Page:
I think diet guides that are “Biblically proven” are offensive because they come from a source that was not intended for such purposes. The Bible contradicts itself because sound philosophy contradicts itself–it’s a time-tested method for making a truly engaged student think. Unfortunately, too many people look at their scriptures (in any faith) and refuse to do the work of thinking themselves. Thus some people cite only passages condeming others while ignoring others exhorting us to love our fellow humans. Gleaning “diet information” from a source that advocates fasting, feasting and an assortment of contradictory things possibly as PLOT DEVICES is medically unsound. That fact alone is reprehensible.

    My diet advice from this perspective? Return this man’s book, buy some sandals, and take a nice walk.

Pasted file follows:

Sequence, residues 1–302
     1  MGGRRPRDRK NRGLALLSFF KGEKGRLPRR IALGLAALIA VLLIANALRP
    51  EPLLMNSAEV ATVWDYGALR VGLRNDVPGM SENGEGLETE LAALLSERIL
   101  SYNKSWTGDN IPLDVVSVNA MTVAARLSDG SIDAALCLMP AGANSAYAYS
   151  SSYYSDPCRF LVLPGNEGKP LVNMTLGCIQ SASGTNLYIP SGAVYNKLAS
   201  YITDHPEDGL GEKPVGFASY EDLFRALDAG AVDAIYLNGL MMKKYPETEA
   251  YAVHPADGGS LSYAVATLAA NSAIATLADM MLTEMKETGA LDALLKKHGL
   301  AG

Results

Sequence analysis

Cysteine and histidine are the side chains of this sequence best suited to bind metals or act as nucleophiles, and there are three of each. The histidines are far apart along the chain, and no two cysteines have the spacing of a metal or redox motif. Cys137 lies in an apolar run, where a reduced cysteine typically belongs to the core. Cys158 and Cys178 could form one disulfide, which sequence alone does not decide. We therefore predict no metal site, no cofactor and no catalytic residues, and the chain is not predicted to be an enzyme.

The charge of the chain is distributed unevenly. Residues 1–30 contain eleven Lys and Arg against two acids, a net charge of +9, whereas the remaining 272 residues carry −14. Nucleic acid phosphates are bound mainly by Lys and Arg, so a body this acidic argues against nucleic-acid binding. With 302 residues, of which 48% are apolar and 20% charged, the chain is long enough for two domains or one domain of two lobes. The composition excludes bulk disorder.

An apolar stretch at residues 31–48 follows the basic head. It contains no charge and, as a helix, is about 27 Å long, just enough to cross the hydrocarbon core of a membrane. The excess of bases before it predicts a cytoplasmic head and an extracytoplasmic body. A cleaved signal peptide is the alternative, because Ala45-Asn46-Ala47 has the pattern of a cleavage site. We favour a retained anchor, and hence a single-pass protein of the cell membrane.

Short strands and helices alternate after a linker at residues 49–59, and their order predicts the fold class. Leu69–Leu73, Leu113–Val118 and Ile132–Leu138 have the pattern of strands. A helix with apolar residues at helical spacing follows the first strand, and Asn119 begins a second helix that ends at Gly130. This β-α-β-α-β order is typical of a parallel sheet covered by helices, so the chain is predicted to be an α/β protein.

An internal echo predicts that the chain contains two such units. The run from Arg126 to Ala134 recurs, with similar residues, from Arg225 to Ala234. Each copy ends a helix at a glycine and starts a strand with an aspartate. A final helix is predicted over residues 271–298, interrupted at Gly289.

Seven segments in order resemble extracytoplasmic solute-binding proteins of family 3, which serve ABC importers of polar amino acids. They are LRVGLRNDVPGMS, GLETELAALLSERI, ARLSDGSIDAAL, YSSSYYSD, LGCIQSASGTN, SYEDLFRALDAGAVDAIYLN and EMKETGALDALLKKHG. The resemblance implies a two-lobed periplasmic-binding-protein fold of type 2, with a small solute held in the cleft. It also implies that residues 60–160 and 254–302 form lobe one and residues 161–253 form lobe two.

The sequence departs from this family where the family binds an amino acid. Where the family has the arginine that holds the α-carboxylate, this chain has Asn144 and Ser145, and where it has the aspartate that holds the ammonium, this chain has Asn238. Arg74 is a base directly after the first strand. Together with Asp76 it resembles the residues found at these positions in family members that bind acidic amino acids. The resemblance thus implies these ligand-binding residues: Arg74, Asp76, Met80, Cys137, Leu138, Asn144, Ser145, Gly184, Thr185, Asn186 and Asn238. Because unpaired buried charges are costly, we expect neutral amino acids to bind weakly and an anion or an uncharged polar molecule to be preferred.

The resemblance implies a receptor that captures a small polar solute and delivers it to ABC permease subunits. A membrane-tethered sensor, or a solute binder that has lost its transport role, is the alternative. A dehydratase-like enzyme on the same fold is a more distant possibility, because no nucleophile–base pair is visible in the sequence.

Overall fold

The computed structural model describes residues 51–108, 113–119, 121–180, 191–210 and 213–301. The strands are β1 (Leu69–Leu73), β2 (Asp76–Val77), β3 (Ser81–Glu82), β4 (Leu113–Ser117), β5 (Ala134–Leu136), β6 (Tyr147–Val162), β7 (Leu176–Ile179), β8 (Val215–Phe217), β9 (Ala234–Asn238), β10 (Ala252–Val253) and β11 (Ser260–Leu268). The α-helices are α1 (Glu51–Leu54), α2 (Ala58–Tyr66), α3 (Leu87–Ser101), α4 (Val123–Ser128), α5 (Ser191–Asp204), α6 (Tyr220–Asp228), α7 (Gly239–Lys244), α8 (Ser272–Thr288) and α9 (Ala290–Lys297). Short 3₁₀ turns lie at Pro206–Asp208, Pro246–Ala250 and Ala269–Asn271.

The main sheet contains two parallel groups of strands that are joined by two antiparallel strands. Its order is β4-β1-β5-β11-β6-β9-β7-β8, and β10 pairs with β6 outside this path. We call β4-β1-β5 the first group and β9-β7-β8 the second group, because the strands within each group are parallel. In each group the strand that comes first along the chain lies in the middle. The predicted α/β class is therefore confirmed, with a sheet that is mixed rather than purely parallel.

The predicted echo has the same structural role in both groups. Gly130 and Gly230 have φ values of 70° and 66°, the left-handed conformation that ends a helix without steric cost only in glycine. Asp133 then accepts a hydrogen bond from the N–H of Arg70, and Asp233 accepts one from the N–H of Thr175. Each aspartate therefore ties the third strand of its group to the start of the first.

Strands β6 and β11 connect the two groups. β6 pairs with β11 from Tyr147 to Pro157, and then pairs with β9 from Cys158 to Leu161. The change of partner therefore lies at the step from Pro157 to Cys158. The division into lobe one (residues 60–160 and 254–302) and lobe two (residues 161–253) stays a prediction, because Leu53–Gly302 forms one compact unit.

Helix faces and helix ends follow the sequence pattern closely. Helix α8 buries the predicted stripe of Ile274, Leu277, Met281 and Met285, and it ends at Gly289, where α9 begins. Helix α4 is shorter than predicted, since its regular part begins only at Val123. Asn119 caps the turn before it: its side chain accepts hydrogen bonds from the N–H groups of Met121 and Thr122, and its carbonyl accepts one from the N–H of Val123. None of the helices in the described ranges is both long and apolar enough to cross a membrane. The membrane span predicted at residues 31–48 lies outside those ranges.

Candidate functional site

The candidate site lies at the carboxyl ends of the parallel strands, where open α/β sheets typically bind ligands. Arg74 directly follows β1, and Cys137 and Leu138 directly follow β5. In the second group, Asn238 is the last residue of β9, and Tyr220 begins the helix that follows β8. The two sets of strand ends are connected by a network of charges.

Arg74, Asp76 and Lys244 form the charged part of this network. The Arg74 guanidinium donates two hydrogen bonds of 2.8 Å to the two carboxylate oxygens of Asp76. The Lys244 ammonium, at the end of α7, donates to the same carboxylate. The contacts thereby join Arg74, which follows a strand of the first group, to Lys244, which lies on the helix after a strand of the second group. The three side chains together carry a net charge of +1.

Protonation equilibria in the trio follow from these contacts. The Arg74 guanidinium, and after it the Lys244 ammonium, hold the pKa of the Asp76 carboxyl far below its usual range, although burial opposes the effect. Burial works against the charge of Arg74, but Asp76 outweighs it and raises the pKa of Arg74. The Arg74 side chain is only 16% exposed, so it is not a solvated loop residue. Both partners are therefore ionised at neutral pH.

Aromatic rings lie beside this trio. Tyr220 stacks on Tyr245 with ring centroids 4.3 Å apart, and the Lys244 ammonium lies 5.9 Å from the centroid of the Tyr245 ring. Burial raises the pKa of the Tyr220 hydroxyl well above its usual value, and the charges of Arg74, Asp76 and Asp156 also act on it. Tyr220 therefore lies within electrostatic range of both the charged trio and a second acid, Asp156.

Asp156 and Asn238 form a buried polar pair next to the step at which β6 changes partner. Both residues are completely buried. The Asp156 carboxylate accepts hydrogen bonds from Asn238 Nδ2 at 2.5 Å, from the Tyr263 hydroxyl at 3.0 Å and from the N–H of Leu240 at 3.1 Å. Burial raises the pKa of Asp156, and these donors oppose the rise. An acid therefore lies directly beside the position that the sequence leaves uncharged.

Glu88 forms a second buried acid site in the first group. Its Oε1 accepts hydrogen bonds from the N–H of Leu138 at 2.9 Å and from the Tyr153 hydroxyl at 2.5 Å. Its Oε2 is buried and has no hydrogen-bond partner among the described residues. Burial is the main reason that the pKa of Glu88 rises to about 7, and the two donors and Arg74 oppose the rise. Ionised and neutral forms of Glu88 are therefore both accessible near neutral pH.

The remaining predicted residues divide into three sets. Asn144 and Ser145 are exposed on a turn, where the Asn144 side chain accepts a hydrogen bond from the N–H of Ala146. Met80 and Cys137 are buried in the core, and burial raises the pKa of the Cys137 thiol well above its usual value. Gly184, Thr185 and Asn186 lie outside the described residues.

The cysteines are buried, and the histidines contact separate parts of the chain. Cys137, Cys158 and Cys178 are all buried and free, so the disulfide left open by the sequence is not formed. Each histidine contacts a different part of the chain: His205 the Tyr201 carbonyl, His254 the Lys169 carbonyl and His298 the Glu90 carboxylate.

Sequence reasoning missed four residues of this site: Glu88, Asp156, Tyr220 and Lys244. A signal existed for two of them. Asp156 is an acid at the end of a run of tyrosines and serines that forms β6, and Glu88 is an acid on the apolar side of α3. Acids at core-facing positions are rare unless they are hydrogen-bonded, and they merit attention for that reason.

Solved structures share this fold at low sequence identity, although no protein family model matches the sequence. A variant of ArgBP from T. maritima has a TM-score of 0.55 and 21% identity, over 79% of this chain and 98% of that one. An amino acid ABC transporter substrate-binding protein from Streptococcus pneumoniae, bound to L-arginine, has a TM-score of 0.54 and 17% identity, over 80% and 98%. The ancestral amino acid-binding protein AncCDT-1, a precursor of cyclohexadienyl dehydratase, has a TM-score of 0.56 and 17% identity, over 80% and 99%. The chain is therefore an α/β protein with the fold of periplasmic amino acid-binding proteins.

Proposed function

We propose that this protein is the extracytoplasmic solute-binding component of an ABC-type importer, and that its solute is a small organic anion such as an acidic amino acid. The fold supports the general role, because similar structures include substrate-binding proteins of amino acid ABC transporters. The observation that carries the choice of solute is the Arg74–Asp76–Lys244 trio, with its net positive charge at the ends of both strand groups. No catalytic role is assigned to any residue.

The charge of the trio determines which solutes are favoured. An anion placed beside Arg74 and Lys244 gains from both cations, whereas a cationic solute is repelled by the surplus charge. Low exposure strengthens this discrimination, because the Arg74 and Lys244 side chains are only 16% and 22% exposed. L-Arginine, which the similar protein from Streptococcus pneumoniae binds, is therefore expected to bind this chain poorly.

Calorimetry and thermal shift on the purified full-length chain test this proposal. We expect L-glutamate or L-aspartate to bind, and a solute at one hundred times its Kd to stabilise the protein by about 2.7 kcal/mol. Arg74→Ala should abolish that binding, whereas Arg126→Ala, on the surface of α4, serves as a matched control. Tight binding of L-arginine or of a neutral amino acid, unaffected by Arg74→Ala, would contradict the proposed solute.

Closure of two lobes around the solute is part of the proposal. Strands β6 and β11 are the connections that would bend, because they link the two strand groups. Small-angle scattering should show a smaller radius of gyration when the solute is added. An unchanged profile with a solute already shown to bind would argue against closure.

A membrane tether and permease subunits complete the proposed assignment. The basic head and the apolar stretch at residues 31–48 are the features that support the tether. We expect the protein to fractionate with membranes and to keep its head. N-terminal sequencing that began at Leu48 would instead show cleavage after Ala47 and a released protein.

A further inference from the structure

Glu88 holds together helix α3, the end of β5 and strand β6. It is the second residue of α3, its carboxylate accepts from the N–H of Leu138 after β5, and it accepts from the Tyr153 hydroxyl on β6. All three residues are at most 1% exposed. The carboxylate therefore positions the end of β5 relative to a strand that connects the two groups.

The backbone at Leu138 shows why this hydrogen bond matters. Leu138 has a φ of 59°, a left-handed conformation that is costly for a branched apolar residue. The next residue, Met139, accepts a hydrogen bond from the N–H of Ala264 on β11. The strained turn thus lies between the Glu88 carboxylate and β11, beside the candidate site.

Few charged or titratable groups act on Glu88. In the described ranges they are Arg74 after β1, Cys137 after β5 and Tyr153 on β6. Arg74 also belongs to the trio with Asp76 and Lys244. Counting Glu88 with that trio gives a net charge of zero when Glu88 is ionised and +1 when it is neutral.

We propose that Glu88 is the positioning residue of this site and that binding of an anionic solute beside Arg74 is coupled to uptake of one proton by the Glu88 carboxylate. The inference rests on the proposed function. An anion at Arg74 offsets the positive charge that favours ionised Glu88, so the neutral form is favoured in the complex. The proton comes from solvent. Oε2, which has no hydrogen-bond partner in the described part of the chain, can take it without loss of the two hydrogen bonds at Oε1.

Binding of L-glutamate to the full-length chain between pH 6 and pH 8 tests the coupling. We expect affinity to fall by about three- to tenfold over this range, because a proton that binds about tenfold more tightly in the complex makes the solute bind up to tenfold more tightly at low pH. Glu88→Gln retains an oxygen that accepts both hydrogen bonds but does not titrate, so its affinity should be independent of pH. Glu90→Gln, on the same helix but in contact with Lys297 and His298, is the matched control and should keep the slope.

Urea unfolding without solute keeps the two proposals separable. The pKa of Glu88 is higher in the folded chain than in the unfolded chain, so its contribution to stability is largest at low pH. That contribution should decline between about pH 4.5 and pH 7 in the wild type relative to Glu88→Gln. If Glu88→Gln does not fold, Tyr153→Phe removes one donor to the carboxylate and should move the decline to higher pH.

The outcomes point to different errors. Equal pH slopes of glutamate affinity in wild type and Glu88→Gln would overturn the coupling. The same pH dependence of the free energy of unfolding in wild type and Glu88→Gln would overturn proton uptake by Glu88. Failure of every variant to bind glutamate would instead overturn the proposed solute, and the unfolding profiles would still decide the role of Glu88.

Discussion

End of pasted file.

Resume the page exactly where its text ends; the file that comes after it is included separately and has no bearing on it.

9. nerdiah says:

    “I think you’re understanding me correctly here.”

    Yay. Except:

    “… were they fed because the loaves multiplied? Were they fed because people grabbed bread and fish from their pockets to share with others? … Either way, it’s True.”

    I’m narrowing my eyes at you as we speak 🙂

    I like the idea that they are stories of people who have had experiences powerful enough to talk about them. And useful enough to others that they would retell the story to others. It puts the Truth of the story within the context of their understanding, purpose and intent.